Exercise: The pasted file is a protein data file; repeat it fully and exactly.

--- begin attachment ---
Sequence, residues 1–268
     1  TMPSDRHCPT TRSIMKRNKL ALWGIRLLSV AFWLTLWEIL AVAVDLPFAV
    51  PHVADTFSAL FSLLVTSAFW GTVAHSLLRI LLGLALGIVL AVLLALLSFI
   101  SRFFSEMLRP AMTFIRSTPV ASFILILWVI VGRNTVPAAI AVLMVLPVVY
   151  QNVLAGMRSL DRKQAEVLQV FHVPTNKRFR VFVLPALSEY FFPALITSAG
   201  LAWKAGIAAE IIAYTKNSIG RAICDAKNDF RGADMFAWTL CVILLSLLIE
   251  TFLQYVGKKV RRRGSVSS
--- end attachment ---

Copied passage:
Sequence, residues 1–268
     1  TMPSDRHCPT TRSIMKRNKL ALWGIRLLSV AFWLTLWEIL AVAVDLPFAV
    51  PHVADTFSAL FSLLVTSAFW GTVAHSLLRI LLGLALGIVL AVLLALLSFI
   101  SRFFSEMLRP AMTFIRSTPV ASFILILWVI VGRNTVPAAI AVLMVLPVVY
   151  QNVLAGMRSL DRKQAEVLQV FHVPTNKRFR VFVLPALSEY FFPALITSAG
   201  LAWKAGIAAE IIAYTKNSIG RAICDAKNDF RGADMFAWTL CVILLSLLIE
   251  TFLQYVGKKV RRRGSVSS